There were some notable differences between the August and July reports in terms of industries showing statistically significant increases or declines. Transportation and warehousing, which has not risen or fallen much throughout 2018, saw a big jump of 22,000 new positions created in August. Mining also added jobs this past month after showing no significant movement in July, although these almost all came from mining support services, as has been the case for many of the previously reported increases within that particular field over the past year.
The August BLS report also contained other significant positives. Wages grew by 0.4 percent when analyzed by average hourly earnings, rising 10 cents to reach $27.16. When looked at on a year-over-year basis, the gain is even more impressive – 2.9 percent between August 2017 and 2018.
Indications also exist of some trade tensions between the U.S. and other nations beginning to abate somewhat. CNN reported Aug. 28 that President Trump and outgoing Mexican President Enrique Peña Nieto agreed on several adjustments to the North American Free Trade Agreement, most of them meant to ensure both nations were able to maintain strong involvement in auto manufacturing. Peña Nieto expressed hope that Canada would accept the revisions, which would further advance NAFTA renegotiation efforts. However, according to another Reuters report, Canada and America still remain at odds over several industries, most notably dairy, lumber, media and steel.
The full Bureau of Labor Statistics report can be downloaded by
Employment Situation (Canada)
Throughout 2018 there hasn’t been a dominant economic trend for Canada, which is likely the cause of frustration for Canadian business and government leaders, not to mention the everyday labourer. Consecutive months of job gains follow shortfalls stemming from highly specific industry circumstances, but then more contraction comes along the next month. That’s exactly what happened in August: Statistics Canada reported approximately 52,000 jobs lost during the month in its latest release of the Labour Force Survey, almost entirely eliminating the increases in employment that occurred during June and July.
Some of this most recent decline falls in line with trends that occur almost everywhere in the world around this time – namely, the loss of seasonal workers: Indeed, part-time employment accounted for 92,000 lost jobs, a drop offset only by a 40,400-person increase in full-time employment, which brought the overall decrease down. The unemployment rate also rose in August, edging up 0.2 per cent from July’s total to reach 6 per cent, and wage growth fell 2.9 per cent. Economists surveyed by Reuters expected a gain of 5,000 jobs alongside a smaller unemployment increase of just 0.1 per cent. While part-time jobs being shed are certainly a factor, declines occurred across too many industries for expected seasonal shifts to be the dominant reason.
Sal Guatieri, a senior economist at BMO Capital Markets, didn’t mince words in his characterization of the unfavourable employment data when speaking with Reuters on the topic.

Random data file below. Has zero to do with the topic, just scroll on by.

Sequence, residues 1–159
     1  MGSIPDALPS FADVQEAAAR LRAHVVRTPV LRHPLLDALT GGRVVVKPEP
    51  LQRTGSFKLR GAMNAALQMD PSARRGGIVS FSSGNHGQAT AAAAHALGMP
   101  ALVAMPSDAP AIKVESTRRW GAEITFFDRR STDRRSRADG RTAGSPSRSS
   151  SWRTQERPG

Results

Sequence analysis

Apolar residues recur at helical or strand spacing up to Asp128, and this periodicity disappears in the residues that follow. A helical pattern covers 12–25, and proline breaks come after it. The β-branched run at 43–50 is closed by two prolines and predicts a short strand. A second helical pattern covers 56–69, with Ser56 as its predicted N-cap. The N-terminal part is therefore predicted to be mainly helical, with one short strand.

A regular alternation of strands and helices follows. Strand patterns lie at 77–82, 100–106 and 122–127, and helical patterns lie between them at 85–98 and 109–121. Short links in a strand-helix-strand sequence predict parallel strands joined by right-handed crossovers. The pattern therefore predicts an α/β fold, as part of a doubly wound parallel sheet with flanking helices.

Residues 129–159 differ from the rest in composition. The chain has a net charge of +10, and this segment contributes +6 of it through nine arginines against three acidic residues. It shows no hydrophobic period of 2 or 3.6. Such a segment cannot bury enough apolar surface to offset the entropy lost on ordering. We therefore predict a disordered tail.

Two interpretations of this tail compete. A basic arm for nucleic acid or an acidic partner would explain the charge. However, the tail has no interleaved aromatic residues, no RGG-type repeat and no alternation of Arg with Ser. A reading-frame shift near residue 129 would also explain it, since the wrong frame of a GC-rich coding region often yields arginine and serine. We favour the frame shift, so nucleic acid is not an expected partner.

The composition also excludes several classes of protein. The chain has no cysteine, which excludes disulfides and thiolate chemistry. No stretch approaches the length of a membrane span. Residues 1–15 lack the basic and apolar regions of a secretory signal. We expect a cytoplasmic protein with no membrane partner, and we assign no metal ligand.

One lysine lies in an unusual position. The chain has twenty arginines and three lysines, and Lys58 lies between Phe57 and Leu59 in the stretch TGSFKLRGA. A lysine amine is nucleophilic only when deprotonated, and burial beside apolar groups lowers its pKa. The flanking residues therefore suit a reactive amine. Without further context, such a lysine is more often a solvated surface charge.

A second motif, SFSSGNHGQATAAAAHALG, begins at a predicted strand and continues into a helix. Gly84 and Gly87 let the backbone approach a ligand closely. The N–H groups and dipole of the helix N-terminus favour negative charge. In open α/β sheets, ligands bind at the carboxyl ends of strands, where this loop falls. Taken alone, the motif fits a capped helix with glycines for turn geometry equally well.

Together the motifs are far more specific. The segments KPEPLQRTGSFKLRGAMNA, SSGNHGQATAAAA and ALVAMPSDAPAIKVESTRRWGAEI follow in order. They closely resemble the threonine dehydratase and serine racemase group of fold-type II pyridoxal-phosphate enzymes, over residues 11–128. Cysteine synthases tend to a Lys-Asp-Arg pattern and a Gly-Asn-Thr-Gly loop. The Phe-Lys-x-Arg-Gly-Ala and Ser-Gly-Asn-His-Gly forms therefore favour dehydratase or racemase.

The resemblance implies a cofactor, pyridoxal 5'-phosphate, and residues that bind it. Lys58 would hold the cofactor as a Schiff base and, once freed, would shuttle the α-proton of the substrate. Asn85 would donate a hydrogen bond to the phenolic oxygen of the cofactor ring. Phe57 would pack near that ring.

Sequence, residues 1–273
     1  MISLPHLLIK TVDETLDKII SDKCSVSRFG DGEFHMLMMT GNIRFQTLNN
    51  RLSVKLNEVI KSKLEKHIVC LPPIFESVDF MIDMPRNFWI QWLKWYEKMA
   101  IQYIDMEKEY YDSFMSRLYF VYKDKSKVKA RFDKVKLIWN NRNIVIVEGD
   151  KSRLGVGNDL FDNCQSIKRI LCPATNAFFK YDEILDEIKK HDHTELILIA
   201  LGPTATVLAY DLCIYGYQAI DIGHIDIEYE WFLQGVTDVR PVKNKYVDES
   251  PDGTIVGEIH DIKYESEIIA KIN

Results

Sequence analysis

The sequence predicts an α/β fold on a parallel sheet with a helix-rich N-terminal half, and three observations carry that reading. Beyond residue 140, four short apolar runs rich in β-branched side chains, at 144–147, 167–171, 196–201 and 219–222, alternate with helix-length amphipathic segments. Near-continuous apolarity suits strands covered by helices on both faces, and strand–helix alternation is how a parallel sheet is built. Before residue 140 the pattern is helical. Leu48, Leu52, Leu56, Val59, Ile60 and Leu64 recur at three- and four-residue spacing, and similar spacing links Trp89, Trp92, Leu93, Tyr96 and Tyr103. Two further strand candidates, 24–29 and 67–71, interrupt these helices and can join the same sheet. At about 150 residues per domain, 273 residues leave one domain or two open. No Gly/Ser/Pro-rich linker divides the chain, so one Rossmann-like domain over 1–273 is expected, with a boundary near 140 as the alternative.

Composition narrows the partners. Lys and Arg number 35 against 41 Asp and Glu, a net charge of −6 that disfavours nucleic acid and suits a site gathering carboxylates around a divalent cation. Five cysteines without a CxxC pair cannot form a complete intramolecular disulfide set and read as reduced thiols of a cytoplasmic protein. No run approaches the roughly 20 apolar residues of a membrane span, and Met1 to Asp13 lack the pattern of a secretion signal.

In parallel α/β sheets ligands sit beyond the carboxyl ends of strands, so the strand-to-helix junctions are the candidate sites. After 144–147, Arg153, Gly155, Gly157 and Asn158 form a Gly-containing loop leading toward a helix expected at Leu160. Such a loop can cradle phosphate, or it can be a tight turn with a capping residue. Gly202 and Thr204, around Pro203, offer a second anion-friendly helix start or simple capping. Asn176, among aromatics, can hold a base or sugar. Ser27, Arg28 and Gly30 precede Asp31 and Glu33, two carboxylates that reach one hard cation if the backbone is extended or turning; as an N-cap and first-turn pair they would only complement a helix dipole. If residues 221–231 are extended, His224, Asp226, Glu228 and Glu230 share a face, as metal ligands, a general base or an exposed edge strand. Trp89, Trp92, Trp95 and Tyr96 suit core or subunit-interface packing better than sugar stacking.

"The Canadian numbers are a big disappointment, almost a full retracement of the prior month’s big gain," Guatieri told the news provider. "The only consolation is that the weakness is in part-time jobs, full time was up."
By sector, professional, scientific and technical services took the biggest hit, with 22,000 positions lost, but retail and wholesale trade wasn’t far behind, having shed 20,000 roles. Construction was the only other industry to see a five-figure dip in its nationwide payrolls during August, with more than 16,000 jobs gone.
Of the few Canadian economic sectors that saw job gains in August, only the uptick in business, building and other support services managed to hit the five-digit threshold, with approximately 10,400 positions created in that field. Outside of the services half of Canada’s economy, only utilities saw any increase in employment during August, gaining about 2,500 jobs.
The Globe and Mail reported Sept. 6 – barely 24 hours before the Labour Force Survey came out – that Bank of Canada Senior Deputy Governor Carolyn Wilkins expressed near-hawkish confidence in the nation’s economy and the national bank’s strategies during a speech in Regina, Saskatchewan, that day.
"The economy is adjusting well and can adapt to higher interest rates," Wilkins said. "The gradual approach we have been following is still appropriate."
While the Canadian jobs data reversed the brief surge in the Canadian dollar widely attributed to Wilkins’ remarks, it remains too early to tell whether the national bank’s second-in-command is wrong in her overall assessment of the nation’s direction. According to The Canadian Press, she addressed the issues caused by tensions over U.S. tariffs as well as renegotiation of the North American Free Trade Agreement in her Regina speech, and still adhered to her generally positive (albeit subtly so) economic outlook.
Along those lines, business leaders and economists watching the Canadian markets domestically and globally seem confident another interest rate hike will occur at the BOC’s Oct. 24 session, with Andrew Kelvin of TD Securities telling Reuters his firm considered the employment data "just statistical noise." As of Sept. 10, a rate increase at that time appears 60 per cent likely, per the news provider.
Canadian ES Report:
Labour Force Survey, August 2018